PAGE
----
17 April 2020- “Iranian businesses in Syria risk becoming complicit in the continuation of crimes, such as forced displacement which is recognised as a type of crime against humanity,” Justice for Iran proposed in a submission to the UN Working Group on Business and Human Rights.

The submission, Destruction and Reconstruction of Syria: Complicity of Iranian Businesses in Forced Displacement and Other Violations’ focuses on the continuation of forced displacement of millions of Syrian refugees and internally displaced persons (IDPs) through policies and laws governing reconstruction in Syria. Whether these laws and policies formerly existed or were newly adopted, they are formulated and implemented in practice to discriminate against and punish civilians perceived to be opposed to the government, and to reward loyalists. Justice for Iran strongly suspects the Iranian government enterprises and private sector to be accomplices to this.

Justice for Iran submitted this report in response to the UN Working Group on Business and Human Rights’ call for input on the practical steps states and business enterprises should take to implement the Guiding Principles in conflict and post-conflict contexts. It has collected data from the companies’ websites and other publicly available sources and identified 52 Iranian businesses active in the post-conflict situation in Syria. This provides a glance at some of the current or recent business activities in Syria. In addition, Justice for Iran has reviewed other publicly available reports about bilateral economic relations between Iran and Syria, and with the assistance of Syrian experts, has put it into the context of the Syrian conflict from the perspective of destruction and reconstruction.

Under the guise of reconstruction, the Syrian regime has systematically demolished neighbourhoods it had recaptured, blocked access to their inhabitants, and issued dozens of discriminatory laws to displace residents and seize property rights of refugees and IDPs. Such laws also provide a legal framework for ownership to be reverted to the Syrian government, empowering it to award reconstruction and development contracts to Assad’s cronies and war allies. These efforts attempt to eradicate the populations perceived as opposition, and hence can be seen as the continuation of the destruction strategy.

At least 10 Iranian companies have physical presence in Syria through factories, land or offices and branches.  However, the terms under which purchasing the land or leasing the properties have been concluded are uncertain. In addition, one of the highly encouraged ways of investment in Syria is to establish shared companies with Syrian individuals and/or entities, hence Iranian businesses are increasingly establishing joint stock companies with Syrian individuals and entities with potential problematic ties with the Syrian regime.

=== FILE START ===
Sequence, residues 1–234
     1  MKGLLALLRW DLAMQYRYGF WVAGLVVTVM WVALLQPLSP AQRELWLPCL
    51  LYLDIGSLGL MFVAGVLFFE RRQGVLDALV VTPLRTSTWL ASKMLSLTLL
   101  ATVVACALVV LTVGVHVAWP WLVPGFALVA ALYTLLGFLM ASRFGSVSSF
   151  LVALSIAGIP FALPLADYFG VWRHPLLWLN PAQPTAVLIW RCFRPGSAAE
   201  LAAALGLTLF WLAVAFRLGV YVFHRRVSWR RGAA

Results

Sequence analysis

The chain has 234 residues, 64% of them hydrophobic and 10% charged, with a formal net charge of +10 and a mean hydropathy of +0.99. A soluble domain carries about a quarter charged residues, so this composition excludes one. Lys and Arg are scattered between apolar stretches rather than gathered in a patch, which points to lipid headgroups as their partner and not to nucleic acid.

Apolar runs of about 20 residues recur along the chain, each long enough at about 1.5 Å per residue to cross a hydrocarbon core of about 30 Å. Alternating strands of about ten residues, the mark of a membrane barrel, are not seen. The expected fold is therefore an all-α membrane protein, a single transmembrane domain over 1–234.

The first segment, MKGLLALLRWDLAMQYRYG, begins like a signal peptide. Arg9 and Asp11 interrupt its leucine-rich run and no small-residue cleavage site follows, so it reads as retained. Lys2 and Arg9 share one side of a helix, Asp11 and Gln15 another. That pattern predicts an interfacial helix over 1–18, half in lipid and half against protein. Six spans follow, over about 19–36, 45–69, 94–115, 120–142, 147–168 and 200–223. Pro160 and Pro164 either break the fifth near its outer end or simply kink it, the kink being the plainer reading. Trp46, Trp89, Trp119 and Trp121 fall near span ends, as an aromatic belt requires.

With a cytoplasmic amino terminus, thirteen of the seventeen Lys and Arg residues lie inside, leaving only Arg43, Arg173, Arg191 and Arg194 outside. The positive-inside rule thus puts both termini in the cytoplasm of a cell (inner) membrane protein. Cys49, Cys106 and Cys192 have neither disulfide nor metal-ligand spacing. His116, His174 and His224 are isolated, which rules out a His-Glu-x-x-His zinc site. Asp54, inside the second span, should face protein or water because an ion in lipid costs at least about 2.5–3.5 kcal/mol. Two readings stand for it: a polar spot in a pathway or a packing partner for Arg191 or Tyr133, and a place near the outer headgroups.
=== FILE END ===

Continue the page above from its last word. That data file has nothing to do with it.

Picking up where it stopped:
“Iranian businesses do not seem to understand the gravity of the situation in post-conflict Syria, nor do they show any regard for international standards. They are competing to benefit from the proceeds of war crimes and entering into partnerships with war criminals,” says Mohammad Nayyeri, Justice for Iran’s business and human rights programme manager.

The Syrian war has been the most devastating conflict of the 21st century. Almost 207,000 civilians have been killed since 2011, approximately 25,000 of them being children. As of March 2019, roughly 5.7 million Syrians have fled the country, according to the UN High Commissioner for Refugees, and more than 6.1 million people are internally displaced, meaning half of the population have left their land and thousands of homes and workplaces behind.

There is overwhelming evidence that international crimes have been committed by all parties in the war, predominantly by the Assad regime and its allies.  War crimes, including indiscriminate attacks against civilian populations, intentional targeting of protected objects, medical personnel, and transport, deliberate attacks against humanitarian relief personnel, denial of humanitarian aid, and forced displacement, have been committed across Syria.

”The destruction in Syria cannot be simply reduced to the physical manifestation or collateral damage of the conflict. Destruction is a systematic strategy that encompasses multiple forms of human rights violations and war crimes. It is a deliberate act linked to post-conflict reconstruction and with far-reaching structural implications,” Sawsan Abou Zainedin, architect and urban development planner, and the cofounder of Sakan Housing Communities, said.

Several studies have documented that when in 2012 it became impossible to save the Assad regime with training, technology and artillery support alone, the Islamic Republic of Iran began its intervention in the Syrian conflict; first using its regular forces and subsequently, augmenting them with irregular forces.  In other words, an intervention from afar in a civil revolution transformed into a full-scale military intervention in a civil war. In the period up to 2019, it is estimated that Iran has spent an excess of $16 billion on the war in Syria, running thousands of regular and irregular forces, at least 2,100 of whom were officially acknowledged to have died by 2017.

Iranian entities are now engaged in competition over access to the Syrian economy, with a particular interest in the energy and construction sector. Iran demands to have a share in reconstruction contracts, not only to compensate for the great costs of its intervention, but also because it sees reconstruction as an opportunity to pursue its strategic regional aims and to secure future influence and presence in Syria.